Arts in New York City: Baruch College, Fall 2008, Professor Roslyn Bernstein
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(Just a Few) Tales of the South Pacific

Bartlett Sher’s revival of the 1950’s Rogers and Hammerstein musical “South Pacific” is more like a rebirth. The production illuminates the controversy that played such a big part in the original production. Unlike most revivals, “South Pacific” is not a foggy reenactment of an outdated show; it is brought to us in full color, with all the vivacity of the first showing.
The stars of the show, Kelli O’Hara and Paulo Szot, manage to recreate the flame of intrigue and excitement that dazzled us in Michener’s novel, on which the play was based. O’Hara who plays Nurse Nellie, falls under the spell of wealthy French plantation owner Emille (Szot) as she struggles to reconcile her decision to leave Little Rock, Arkansas. Love blossoms (in less lurid detail than with Captain Cable and his lover, Liat) until Nellie becomes aware of Emile’s cross-cultural past. The political message of “South Pacific” is no less applicable today than it was in the past. However, most audience members are drawn to the production because of the highly polished cast and orchestra.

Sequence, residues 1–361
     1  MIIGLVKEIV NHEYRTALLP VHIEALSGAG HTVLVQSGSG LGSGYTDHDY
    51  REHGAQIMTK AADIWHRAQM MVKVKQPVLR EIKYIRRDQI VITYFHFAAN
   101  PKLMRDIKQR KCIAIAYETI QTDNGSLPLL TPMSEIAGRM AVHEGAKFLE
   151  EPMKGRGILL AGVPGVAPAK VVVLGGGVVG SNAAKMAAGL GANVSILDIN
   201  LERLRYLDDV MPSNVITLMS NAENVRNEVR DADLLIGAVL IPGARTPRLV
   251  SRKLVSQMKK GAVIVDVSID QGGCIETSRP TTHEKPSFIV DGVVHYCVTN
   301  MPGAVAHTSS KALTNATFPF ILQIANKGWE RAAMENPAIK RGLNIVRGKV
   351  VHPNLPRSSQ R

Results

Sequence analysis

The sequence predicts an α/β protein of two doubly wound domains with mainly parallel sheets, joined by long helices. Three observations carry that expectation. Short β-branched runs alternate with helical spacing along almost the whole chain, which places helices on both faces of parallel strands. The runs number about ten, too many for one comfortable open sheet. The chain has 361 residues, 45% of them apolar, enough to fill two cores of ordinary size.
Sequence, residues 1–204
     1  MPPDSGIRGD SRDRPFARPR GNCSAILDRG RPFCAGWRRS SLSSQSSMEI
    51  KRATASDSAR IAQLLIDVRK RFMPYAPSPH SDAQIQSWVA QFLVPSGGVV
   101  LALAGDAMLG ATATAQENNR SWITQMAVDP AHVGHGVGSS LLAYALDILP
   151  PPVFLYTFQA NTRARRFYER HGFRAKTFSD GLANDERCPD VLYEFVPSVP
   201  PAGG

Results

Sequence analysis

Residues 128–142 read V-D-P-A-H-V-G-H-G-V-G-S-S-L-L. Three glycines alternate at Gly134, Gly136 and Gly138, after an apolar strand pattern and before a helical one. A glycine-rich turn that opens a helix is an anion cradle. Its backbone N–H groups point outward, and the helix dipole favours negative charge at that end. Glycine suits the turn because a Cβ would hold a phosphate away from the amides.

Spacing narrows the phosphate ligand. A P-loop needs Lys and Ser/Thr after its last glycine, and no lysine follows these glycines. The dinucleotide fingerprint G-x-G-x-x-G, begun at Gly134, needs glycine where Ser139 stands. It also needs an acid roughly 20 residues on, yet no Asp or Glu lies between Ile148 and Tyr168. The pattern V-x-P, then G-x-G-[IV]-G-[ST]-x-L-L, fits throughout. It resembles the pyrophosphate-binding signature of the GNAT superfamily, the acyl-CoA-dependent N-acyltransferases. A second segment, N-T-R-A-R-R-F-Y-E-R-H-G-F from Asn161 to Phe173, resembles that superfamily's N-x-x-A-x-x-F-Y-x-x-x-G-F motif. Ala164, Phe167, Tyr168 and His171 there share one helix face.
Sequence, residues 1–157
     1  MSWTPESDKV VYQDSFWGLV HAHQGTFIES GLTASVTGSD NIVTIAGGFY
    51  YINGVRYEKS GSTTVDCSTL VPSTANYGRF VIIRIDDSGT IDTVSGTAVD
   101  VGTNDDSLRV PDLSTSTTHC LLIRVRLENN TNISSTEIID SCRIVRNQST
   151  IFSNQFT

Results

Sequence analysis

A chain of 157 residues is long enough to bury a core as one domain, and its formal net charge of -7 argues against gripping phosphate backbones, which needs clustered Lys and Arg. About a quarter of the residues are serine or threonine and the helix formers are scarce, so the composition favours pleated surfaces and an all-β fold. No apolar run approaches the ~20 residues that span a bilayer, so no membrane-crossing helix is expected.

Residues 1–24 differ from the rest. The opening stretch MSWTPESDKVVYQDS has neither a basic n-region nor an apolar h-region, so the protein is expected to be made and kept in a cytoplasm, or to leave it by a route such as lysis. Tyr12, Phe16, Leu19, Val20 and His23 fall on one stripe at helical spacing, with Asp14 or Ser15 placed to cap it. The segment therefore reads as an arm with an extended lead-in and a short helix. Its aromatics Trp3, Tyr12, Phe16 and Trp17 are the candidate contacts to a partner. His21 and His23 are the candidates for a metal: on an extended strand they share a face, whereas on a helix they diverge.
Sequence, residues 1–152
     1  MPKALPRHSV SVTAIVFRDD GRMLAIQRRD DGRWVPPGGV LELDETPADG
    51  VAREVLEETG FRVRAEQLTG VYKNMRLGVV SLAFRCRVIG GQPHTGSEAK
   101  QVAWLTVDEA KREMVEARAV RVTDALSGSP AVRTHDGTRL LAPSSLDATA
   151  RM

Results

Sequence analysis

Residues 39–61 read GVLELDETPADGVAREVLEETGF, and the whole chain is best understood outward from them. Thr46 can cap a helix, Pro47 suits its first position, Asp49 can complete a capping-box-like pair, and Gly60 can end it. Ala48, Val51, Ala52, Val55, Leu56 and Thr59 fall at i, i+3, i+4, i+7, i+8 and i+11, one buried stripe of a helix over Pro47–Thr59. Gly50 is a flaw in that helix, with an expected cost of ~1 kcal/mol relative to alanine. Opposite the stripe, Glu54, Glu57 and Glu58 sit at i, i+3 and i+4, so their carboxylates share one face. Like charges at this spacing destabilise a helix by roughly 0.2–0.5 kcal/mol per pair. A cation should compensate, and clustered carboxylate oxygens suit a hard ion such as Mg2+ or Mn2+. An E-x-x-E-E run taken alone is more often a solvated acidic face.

Both O’hara and Szot are indubitably talented; the range of songs in “South Pacific” is unlike any other. From the buoyant and sassy, “Wash that man right out of my hair” to the mysteriously tropical “Bali Hai,” the production’s song set alone is enough to keep the audience pleased. To add to the experience, the “South Pacific” set is magnificently structured and designed. The ambience of the Southeast Asian Island that readers enjoyed so thoroughly in the novel is recreated in Lincoln Center in its entirety. One wonders how the crew transforms the stage from Emile’s grandiose mansion to Bloody Mary’s sandy beaches with such an effortless precision. Both the song and set contribute to the passionate experience sought after by South Pacific viewers.